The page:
What we know about at present:
1 March — Michael Jackson HIStory show at Southwards Theatre, 8 pm
9 March — Friday Night Lindale Market 5-9 pm (not strictly Waikanae, but we’ll give it honorary status 🙂 )
13 March — Tuesday evening at 7 pm — Community Board meeting
10 March — Saturday Easter Show in Waikanae Park
25 March (Sunday afternoon) — Community Emergency Hub exercise — see below
31 March — Easter Saturday Market in Mahara Place
That is the essence of what Council bosses propose to be done with the part of the 1,682 m² lot shaded red in the above map in this report to be decided upon at the Council meeting on Thursday. The lot is between numbers 146 and 148 on the south (river) side of the road.
The part of the lot shaded blue will be added to the existing Local Purpose Reserve (Esplanade).
There doesn’t seem to be anything potentially controversial about it and the land should fetch a fetch a few hundred thousand dollars based on current section prices which could be used to offset further imposts on ratepayers this year.
It’s nice that they publicly notify this sort of thing — here the council or government agency just does it. It’s also nice that they plant something to replace it — again that rarely happens in Kapiti.
Inner West Council – Marrickville have given notice that they intend to remove a Small-leafed peppermint (Eucalyptus nicholii) outside 80 Denison Road Dulwich Hill. They give the following reasons – “The tree is in poor structural condition, has recently suffered a significant branch failure and exhibits extensive stem decay which cannot be mitigated by pruning. […]
A milkshake container for milkshakes we got at Olde Beach Bakery — nice they were, too.
Nowadays the plastic pieces (including the container which isn’t just cardboard) are falling out of favour because so much of it ends up not in recycling, but as public trash.
The Sunday Cantina now serve their smoothies with metal straws, which we’ve found are a bit harsh on your inner upper lip if they’re cold.
As Sue Lusk of Destination Waikanae says, this shop containing “a wonderful chaotic collection of Kiwiana that reminded us all of our childhood beachside holidays” has long been a feature of Tutere Street across from the beachfront domain that we regularly visited to see things that you rarely see available anywhere else.
The name and the shop sign are, of course, a play on Marmite made by Sanitarium NZ, the iconic yeast spread that for decades many have been introduced to at school (although not everyone liked/likes it).
We hope someone will continue this esoteric operation, and with the same enthusiasm.
Not just undemocratic but corrupt.
A further illustration of how democracy in NZ has become a mere illusion. From Veronica Harrod. Commentary; Why an Inquiry needs to be held into the business interests of Horowhenua District Council and other matters Here’s a little story that demonstrates how and why communications is used as a weapon by Horowhenua District Council to […]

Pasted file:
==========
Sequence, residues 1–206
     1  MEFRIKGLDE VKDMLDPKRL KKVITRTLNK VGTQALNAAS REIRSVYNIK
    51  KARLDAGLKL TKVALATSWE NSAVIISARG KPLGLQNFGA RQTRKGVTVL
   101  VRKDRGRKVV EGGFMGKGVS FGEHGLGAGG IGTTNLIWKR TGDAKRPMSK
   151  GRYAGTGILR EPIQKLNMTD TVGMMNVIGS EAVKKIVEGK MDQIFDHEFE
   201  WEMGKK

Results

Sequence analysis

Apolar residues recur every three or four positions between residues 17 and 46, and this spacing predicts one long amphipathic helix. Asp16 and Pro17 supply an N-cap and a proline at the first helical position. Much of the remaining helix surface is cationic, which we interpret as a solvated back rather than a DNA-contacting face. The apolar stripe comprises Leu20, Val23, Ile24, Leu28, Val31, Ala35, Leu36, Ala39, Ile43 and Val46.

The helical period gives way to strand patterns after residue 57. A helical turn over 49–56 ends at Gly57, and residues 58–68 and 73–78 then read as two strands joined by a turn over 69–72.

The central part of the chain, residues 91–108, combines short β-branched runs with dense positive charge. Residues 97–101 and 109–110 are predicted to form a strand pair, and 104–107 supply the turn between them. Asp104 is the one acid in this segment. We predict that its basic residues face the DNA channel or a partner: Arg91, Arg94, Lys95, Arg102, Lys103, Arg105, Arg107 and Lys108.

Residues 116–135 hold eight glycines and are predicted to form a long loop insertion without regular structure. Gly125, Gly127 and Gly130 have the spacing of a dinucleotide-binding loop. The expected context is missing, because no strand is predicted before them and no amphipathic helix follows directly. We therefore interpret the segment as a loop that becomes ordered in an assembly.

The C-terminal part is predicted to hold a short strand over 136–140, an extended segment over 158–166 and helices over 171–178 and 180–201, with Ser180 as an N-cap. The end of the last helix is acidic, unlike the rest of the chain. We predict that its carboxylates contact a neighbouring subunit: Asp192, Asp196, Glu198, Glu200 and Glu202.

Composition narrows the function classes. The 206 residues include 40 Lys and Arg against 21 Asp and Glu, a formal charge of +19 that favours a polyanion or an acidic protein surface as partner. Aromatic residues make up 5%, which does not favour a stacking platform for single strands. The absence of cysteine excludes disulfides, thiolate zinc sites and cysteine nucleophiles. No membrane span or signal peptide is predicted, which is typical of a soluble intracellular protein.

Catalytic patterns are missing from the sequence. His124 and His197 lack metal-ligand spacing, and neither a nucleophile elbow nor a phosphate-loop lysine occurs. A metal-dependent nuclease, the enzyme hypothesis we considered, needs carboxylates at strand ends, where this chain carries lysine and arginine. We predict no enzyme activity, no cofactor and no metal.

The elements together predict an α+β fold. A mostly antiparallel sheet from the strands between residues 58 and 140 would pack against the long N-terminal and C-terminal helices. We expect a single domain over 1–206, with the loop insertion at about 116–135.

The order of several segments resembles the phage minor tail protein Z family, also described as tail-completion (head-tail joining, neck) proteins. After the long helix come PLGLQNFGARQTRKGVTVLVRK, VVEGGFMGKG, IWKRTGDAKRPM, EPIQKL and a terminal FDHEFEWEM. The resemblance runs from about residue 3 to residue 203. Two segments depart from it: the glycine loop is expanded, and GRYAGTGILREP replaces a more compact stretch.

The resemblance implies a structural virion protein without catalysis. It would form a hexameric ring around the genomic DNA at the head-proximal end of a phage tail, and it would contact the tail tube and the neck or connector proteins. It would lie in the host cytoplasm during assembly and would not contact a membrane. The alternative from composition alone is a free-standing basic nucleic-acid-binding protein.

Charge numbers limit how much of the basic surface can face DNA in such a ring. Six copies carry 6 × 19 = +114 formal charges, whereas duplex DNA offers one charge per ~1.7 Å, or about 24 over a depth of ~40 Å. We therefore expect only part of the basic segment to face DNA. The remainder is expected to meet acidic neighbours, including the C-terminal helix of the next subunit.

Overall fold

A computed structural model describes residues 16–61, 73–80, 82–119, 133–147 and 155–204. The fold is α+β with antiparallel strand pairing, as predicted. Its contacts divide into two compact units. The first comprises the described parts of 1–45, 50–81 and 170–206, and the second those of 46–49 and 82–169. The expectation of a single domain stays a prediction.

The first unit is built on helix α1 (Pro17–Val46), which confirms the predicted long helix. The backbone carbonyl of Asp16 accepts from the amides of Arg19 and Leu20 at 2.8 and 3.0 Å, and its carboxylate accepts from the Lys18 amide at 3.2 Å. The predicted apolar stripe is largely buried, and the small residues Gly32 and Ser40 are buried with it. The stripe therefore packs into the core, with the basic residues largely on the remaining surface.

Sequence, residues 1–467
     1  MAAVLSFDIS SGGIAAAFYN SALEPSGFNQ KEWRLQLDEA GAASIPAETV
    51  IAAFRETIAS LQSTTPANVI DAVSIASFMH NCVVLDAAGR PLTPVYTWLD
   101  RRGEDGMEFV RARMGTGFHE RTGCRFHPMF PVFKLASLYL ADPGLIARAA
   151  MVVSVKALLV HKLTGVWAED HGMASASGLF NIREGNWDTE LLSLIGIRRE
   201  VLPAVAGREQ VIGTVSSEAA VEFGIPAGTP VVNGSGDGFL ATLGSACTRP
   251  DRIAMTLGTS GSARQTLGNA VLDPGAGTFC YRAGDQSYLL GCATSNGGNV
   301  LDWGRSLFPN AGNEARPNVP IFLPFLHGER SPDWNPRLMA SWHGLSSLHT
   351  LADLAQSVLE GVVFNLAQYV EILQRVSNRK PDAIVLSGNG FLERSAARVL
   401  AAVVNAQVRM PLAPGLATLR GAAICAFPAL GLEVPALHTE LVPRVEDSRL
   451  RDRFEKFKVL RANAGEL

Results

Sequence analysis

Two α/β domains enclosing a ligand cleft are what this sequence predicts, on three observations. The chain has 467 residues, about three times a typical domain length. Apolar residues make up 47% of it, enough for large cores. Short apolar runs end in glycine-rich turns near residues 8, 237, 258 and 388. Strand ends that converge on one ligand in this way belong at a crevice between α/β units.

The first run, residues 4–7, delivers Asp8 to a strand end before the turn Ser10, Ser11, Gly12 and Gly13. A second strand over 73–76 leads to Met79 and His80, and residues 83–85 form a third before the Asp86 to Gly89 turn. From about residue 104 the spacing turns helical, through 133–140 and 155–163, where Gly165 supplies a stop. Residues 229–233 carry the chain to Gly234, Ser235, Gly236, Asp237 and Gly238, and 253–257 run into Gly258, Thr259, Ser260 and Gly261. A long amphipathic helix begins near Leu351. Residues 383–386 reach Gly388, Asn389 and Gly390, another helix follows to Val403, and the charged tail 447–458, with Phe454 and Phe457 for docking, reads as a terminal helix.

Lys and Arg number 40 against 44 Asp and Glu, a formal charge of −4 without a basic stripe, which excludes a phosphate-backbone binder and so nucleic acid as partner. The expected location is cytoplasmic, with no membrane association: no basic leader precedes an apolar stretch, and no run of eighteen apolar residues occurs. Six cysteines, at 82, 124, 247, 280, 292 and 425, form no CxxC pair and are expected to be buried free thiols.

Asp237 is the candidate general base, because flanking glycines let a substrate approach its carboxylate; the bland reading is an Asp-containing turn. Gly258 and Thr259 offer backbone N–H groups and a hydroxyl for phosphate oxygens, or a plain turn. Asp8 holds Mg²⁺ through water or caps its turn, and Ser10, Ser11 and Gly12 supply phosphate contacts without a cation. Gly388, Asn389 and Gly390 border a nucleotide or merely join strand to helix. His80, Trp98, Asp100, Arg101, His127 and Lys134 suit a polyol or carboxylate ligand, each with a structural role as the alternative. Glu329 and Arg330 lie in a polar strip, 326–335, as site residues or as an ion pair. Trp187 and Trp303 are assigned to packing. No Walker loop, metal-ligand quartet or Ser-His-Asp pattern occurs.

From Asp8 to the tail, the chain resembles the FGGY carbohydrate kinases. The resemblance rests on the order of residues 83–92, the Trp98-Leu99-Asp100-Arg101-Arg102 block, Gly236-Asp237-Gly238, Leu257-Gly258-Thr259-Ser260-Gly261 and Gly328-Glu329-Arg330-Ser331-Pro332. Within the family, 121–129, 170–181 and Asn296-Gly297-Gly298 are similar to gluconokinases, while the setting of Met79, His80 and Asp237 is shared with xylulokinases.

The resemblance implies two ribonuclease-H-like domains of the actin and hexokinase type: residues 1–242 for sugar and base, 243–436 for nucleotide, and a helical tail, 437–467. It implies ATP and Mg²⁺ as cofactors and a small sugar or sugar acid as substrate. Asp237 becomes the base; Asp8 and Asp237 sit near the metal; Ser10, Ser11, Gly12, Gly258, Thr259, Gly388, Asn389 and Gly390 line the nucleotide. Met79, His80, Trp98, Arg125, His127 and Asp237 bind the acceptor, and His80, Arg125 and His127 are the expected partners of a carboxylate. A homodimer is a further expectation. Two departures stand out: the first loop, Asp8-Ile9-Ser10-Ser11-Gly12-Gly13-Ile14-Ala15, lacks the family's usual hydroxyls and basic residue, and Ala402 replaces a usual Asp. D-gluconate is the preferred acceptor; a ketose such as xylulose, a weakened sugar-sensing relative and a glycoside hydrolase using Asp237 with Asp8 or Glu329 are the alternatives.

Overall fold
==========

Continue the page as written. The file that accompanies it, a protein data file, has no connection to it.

Traffic began flowing on to the McKays to Peka Peka part of the ‘Ewy’ a year ago and as regular readers know, it hasn’t been problem-free.
Business groups in both Paraparaumu and Waikanae have pressured the NZTA for brown signs telling motorists what local facilities there are to discover, if they take the off-ramps. But Southwards and Nga Manu were the only ones to get such a sign.
The new highway having been built across a peat bog, combined with unsatisfactory substrate work and surfacing, caused premature roughness and vociferous complaints from residents about noise.
There have also been complaints from locals about car drivers travelling along Te Moana Road after getting off the ‘Ewy’ still being in ‘highway speed’ mindset.
The massive Maypole company subdivisions which commenced only about a month after the ‘Ewy’ opened are going to cause a lot of congestion around the Te Moana Road Interchange in years to come.
But there has been a positive aspect in that the old SH1 has become a lot quieter and safer. This reduced traffic has impacted on some of the businesses along it, but there are businesses that have welcomed it. The Coastlands Paper Plus folks told us that there are more locals willing to use the Main Road to go shopping because it’s quieter and safer now and it’s a fair assumtion this includes a lot of those from the eastern side of the railway in Waikanae.
The opening of the Transmission Gully route two years from now will be the real biggie affecting traffic and development.
“2 wool sacks full of them near the Dricon yard at the Waikanae Bridge. 1 has been emptied and the other 3/4 full.”
This message with the pics was posted last evening in the Kapiti Coast Group FB page by Blair Rosson. Karl Webber and others say they have informed the council.
The motivation behind it is a mystery.